Detectives Briscoe and Logan investigate a hit and run accident that killed a young African-American boy. The case quickly takes on racial overtones when several witnesses identify the driver as a Jew. Before the detectives get too far into the case the driver, Joshua Berger, turns himself in insisting it was an accident. The traffic bureau confirms that, based on all of the evidence at the scene, Berger was not driving fast and did his best to try and avoid hitting the boy. Berger is not charged which outrages the black community and one of its leaders, Reverend Ott. It leads to a riot where a white man is pulled from his car and beaten to death in front of his wife. Using videotape the police the police identify the main assailant but he claims asylum in a local church.
Did You Know?
Shambala Green says that she plans to argue the matter of a church being a refuge from arrest in front of the Circuit Court, the Appellate Division, the Court of Appeals and the Supreme Court. However the Appellate Division and the Court of Appeals are one and the same, they are just two different names for the same court which is also commonly referred to as the Appellate Court. In some states and countries it is called the Appellate Division and in others the Court of Appeals. It is the second highest court in the United States when it comes to hearing appeals, when a ruling by a Circuit Court judge or jury verdict is appealed the case goes to the Appellate Court where a determination is made on whether or not the Circuit Court's finding were proper and constitutional. If the appeal is on a jury verdict in a Circuit Court and the Appellate judges rule in favor of the defense then the defendant is granted a new trial. 98% of all appeals are decided in the Appellate Court and end there, the only court that is higher than the Appellate Court and has the authority to overrule them is the Supreme Court, however it is rare for the Supreme Court to overrule an Appellate Court ruling, only 2% of appeals are chosen to be reviewed by the Supreme Court. See more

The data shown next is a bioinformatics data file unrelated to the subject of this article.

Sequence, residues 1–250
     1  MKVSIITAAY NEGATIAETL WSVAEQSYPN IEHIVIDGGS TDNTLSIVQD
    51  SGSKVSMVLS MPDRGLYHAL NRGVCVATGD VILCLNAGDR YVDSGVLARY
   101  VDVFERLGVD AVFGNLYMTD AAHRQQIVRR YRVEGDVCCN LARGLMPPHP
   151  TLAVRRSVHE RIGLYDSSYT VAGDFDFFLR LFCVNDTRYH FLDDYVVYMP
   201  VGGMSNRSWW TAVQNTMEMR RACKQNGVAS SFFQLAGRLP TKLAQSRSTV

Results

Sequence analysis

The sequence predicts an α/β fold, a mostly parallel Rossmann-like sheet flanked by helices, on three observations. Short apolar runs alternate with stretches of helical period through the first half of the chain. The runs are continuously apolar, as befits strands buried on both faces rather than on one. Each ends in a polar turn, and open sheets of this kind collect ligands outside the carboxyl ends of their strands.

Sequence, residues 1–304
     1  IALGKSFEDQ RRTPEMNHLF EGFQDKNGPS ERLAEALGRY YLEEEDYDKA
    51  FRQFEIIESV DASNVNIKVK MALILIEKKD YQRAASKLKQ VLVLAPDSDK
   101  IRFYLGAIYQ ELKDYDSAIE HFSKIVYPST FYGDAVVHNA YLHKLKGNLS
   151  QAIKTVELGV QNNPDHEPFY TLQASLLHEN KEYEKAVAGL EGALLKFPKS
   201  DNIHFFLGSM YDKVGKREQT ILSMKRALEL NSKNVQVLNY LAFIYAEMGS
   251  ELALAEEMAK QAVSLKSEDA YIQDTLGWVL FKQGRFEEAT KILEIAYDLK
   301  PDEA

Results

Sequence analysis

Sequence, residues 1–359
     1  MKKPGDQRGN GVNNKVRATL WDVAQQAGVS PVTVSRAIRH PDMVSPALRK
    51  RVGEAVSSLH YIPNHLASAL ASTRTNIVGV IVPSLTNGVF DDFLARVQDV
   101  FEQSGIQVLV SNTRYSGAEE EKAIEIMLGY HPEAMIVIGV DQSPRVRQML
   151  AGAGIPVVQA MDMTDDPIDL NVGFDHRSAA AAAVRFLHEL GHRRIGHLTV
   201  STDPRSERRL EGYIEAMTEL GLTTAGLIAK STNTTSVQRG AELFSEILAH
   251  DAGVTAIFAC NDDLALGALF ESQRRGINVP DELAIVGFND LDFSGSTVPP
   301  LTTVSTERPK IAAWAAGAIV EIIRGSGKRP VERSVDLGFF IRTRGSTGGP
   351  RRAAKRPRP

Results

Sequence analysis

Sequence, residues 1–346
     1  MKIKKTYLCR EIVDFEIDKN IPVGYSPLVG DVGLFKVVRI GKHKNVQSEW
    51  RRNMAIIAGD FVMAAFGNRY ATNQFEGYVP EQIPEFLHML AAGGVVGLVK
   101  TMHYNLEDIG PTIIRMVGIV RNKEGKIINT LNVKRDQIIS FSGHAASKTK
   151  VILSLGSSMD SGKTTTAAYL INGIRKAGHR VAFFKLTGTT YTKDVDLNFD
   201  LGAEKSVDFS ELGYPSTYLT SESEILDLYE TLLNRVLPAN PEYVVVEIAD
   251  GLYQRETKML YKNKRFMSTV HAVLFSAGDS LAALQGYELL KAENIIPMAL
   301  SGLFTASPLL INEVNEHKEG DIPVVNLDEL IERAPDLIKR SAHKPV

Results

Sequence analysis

[to Joshua Berger
You're scared of blacks. Isn't that right, Mr. Berger?
I am not a racist.
You're not only scared of them, you hate them. Isn't that true?
Look, any middle-aged white person: Jew, Baptist, atheist, whatever, who says that he's not frightened, no, make that terrified to find himself alone on a city street, being followed by two or three black teenagers, is a liar.